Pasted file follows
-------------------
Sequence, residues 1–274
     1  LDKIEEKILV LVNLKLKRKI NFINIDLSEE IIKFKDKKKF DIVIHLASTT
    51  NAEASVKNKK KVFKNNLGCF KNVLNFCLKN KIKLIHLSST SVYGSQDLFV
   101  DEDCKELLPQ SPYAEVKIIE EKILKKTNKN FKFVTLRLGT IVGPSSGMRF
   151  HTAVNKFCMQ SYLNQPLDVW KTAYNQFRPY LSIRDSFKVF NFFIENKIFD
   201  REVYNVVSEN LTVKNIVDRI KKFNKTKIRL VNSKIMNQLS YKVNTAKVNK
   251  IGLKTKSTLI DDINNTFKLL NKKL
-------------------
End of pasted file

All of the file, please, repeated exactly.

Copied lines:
Sequence, residues 1–274
     1  LDKIEEKILV LVNLKLKRKI NFINIDLSEE IIKFKDKKKF DIVIHLASTT
    51  NAEASVKNKK KVFKNNLGCF KNVLNFCLKN KIKLIHLSST SVYGSQDLFV
   101  DEDCKELLPQ SPYAEVKIIE EKILKKTNKN FKFVTLRLGT IVGPSSGMRF
   151  HTAVNKFCMQ SYLNQPLDVW KTAYNQFRPY LSIRDSFKVF NFFIENKIFD
   201  REVYNVVSEN LTVKNIVDRI KKFNKTKIRL VNSKIMNQLS YKVNTAKVNK
   251  IGLKTKSTLI DDINNTFKLL NKKL